This definition implies that contagion is declared when the shortterm effect (the MSR) of a shock is not properly controlled in a target market at the beginning of the crisis period and continues to cause breaks in the longterm relationship or correlatedness between two markets.^{Footnote 6}
To derive the contagion test, first this study tested whether a shock causes a break in the established linear relationship under the MIH described in Remark 4. Therefore, whether a given period experiences breaks in the relationships pertaining to \(\beta_{M0}\) (shortterm effect or MSR), \({\upgamma }_{{\text{M}}}\) (longterm effect), and \(\beta_{M2}\) (correlatedness) in Eq. 6 was tested. To test the null MIH for a given period, the following hypotheses were proposed:
\(H_{a}\): At least one of the following holds true:
The null hypothesis \(H_{0}\) illustrates that \(\beta_{M0}\), \(\gamma_{M}\), and \(\beta_{M2}\) are fixed with iid error \({\upvarepsilon }_{{{\text{Mt}}}}\), as noted in Eq. 6. In other words, for a given period, markets X and Y maintain \(\beta_{L0 } = \beta_{{{\text{M}}0}}\), \(\gamma_{L} = \gamma_{{\text{M}}}\), and \(\beta_{L2} = \beta_{{{\text{M}}2}}\) under the MIH. If \(H_{0}\) is rejected, then the MIH fails to hold. In this case, the markets fail to maintain their underlying relationship and experience breaks in the short or longterm relationship or correlatedness.
We developed a test adopting quantile regression and a Ztest to evaluate such breaks (see Baur 2013 for a more detailed discussion on the advantages of quantile regression). This test is based on the idea that a random fluctuation of the slope estimates around a constant value (with only the intercept parameters systematically increasing as a function of quantile \(\vartheta\)) provides evidence for the iid error of the classical linear regression under the null MIH specified by Eq. 6. If some of the slope coefficients change as a function of quantile \(0 \le \vartheta \le 1,\) it is detected via the Ztest, which is designed to assess the magnitude of the estimated changes in slope for a given quantile. To implement the test, quantile regression parameters were estimated across the entire range of conditional quantiles of \(\Delta Y_{t}\) given \(\Delta X_{t}\). \((\beta_{{{\text{L}}0}} ,\gamma_{{\text{L}}} ,\beta_{{{\text{L}}2}} )\) was estimated using quantile regression across fixed \(N\) quantiles. Let \(\left( {\hat{\beta }_{{{\text{L}}0j}} ,\hat{\gamma }_{{{\text{L}}j}} ,\hat{\beta }_{{{\text{L}}2j}} } \right)\) be the slope estimates of \(\left( {\beta_{{{\text{L}}0j}} ,\gamma_{{{\text{L}}j}} ,\beta_{{{\text{L}}2j}} } \right)\) from the \(\frac{j}{N + 1}{\text{th}}\) quantile regression for \(j = 1, \ldots ,N\). Using the Proposition 3 in the Appendix 6, the Ztest can be derived as follows. Let \(P_{i}\) be \(\left( {\hat{\varphi }_{i1} , \ldots ,\hat{\varphi }_{iN} } \right)\), where \(\hat{\upvarphi }_{ij} \left( {i = 1,2,3, j = 1,\ldots,N} \right)\) is the ith slope estimate for one of the three slope estimates (\(\hat{\beta }_{{{\text{L}}0{\text{j}}}}\), \(\hat{\gamma }_{{{\text{L}}j}} , \hat{\beta }_{{{\text{L}}2j}}\)) from the \(\frac{j}{N + 1}{\text{th}}\) quantile regression. Let \(P_{ i,  k}\) represent a vector constructed by excluding the kth element from \(P_{i} = \left( {\hat{\varphi }_{i1} , \ldots ,\hat{\varphi }_{iN} } \right)\). For instance, \(P_{i,  1} = \left( {\hat{\varphi }_{i2} , \ldots ,\hat{\varphi }_{i,N} } \right)\) and \(P_{i,  N} = \left( {\hat{\varphi }_{i1} , \ldots ,\hat{\varphi }_{i,N  1} } \right)\). Then,^{Footnote 7}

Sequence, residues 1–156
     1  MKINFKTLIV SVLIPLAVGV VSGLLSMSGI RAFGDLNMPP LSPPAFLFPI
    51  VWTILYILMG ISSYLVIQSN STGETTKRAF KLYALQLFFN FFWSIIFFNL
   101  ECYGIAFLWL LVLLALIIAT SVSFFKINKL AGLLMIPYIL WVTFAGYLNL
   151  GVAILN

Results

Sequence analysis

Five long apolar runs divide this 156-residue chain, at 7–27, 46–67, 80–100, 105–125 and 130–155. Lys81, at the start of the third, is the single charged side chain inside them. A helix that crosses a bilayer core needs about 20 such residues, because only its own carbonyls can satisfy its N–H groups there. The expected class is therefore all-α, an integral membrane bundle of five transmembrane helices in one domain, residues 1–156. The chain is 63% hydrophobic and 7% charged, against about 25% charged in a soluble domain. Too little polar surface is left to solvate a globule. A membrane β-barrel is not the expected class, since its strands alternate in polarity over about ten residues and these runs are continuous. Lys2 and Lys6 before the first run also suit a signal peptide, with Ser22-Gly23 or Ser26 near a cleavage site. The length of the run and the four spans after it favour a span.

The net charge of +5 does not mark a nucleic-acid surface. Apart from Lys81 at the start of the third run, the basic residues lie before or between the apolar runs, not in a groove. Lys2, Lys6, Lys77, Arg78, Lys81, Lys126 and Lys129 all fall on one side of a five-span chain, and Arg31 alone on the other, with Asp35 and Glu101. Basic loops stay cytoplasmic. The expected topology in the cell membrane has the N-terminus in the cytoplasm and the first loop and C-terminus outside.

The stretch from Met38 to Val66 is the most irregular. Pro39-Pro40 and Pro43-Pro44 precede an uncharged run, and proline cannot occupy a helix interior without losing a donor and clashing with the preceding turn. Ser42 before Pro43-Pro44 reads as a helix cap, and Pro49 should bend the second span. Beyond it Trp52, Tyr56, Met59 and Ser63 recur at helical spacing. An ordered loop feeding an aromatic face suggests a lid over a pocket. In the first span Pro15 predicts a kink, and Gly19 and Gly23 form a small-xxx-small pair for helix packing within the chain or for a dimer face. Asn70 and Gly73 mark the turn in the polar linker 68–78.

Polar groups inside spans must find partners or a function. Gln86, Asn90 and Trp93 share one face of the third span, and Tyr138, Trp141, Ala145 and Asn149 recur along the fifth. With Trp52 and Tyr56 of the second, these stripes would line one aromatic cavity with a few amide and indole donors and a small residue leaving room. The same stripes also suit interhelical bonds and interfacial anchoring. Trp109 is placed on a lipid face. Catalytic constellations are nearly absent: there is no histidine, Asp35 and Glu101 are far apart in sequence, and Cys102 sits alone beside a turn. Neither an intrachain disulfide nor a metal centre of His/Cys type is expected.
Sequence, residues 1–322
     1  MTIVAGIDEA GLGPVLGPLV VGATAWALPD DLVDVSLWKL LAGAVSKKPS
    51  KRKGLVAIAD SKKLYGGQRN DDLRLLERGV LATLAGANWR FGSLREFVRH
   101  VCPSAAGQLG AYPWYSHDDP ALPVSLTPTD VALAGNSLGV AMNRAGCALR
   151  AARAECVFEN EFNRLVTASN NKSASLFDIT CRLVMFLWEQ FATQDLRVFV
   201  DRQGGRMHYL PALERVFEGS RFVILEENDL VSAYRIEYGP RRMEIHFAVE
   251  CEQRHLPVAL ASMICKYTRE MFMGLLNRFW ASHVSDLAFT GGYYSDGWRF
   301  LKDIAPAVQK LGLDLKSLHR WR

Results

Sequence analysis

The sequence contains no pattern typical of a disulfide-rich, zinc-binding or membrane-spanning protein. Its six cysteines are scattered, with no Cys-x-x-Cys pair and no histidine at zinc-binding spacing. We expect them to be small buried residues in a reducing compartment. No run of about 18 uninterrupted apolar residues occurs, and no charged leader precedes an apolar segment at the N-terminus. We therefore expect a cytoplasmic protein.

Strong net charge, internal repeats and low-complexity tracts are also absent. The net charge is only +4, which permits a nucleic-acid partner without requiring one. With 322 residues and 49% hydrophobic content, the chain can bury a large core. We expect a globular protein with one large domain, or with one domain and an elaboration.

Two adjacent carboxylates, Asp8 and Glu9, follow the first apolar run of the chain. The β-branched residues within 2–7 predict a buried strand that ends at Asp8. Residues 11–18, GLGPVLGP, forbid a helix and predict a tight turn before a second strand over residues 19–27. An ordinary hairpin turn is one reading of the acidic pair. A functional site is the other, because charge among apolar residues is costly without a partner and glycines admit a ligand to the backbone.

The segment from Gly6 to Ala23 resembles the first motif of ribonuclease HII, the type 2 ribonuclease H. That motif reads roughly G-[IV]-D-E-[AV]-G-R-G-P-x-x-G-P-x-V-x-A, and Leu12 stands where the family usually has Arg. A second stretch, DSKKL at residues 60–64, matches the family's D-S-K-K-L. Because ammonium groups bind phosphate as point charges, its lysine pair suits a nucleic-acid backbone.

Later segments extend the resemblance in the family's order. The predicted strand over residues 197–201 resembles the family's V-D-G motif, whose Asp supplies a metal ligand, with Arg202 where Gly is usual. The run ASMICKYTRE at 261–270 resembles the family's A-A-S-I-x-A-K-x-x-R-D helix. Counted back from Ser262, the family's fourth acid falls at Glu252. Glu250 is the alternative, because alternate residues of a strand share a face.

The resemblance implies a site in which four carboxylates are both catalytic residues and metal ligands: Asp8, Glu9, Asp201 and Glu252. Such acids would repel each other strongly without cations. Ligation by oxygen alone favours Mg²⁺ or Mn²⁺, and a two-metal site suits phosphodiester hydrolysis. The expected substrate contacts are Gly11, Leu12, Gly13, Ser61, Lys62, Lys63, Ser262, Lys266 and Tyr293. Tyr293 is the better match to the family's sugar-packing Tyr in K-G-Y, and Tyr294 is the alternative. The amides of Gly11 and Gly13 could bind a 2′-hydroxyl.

with mean \(m_{k}\) and standard deviation \({\text{s}}_{{\text{k}}}\) from \(P_{i,  k}\). This Ztest can be employed to test the following hypotheses.
\(H_{0}^{SB}\)
There is no shortterm (MSR) break between X and Y in the \(\frac{k}{N + 1}{\text{th}}\) quantile
(or \(\hat{\beta }_{{{\text{L}}0k}}\) originates from the same normal distribution as the others in \(P_{1}\) under \({ }H_{0}\)).
\(H_{1}^{SB}\)
There is a shortterm (MSR) break between X and Y in the \(\frac{k}{N + 1}{\text{th}}\) quantile
(or \(\hat{\beta }_{{{\text{L}}0k}}\) does not originate from the same normal distribution as the others in \(P_{1}\) under \({ }H_{{\text{a}}}\)).
\(H_{0}^{LB}\)
There is no longterm break between X and Y in the \(\frac{k}{N + 1}{\text{th}}\) quantile
(or \(\hat{\gamma }_{{{\text{L}}k}}\) originates from the same normal distribution as the others in \(P_{2}\) under \({ }H_{0}\)).
\(H_{1}^{LB}\)
There is a longterm break between X and Y in the \(\frac{k}{N + 1}{\text{th}}\) quantile
(or \(\hat{\gamma }_{{{\text{L}}k}}\) does not originate from the same normal distribution as the others in \(P_{2}\) under \({ }H_{{\text{a}}}\)).
\(H_{0}^{CRB}\)
There is no correlatedness break between X and Y in the \(\frac{k}{N + 1}{\text{th}}\) quantile
(or \(\hat{\beta }_{{{\text{L}}2k}}\) originates from the same normal distribution as the others in \(P_{3}\) under \({ }H_{0}\)).
\(H_{1}^{CRB}\)
There is a correlatedness break between X and Y in the \(\frac{k}{N + 1}{\text{th}}\) quantile
(or \(\hat{\beta }_{{{\text{L}}2k}}\) does not originate from the same normal distribution as the others in \(P_{3}\) under \({ }H_{{\text{a}}}\)).
The basic structure of testing the hypotheses of our main concern in Fig. 1 shows that a longterm break (\(H_{1}^{LB}\)) or a correlatedness break (\(H_{1}^{CRB}\)) is caused by a shortterm break (\(H_{1}^{SB}\)).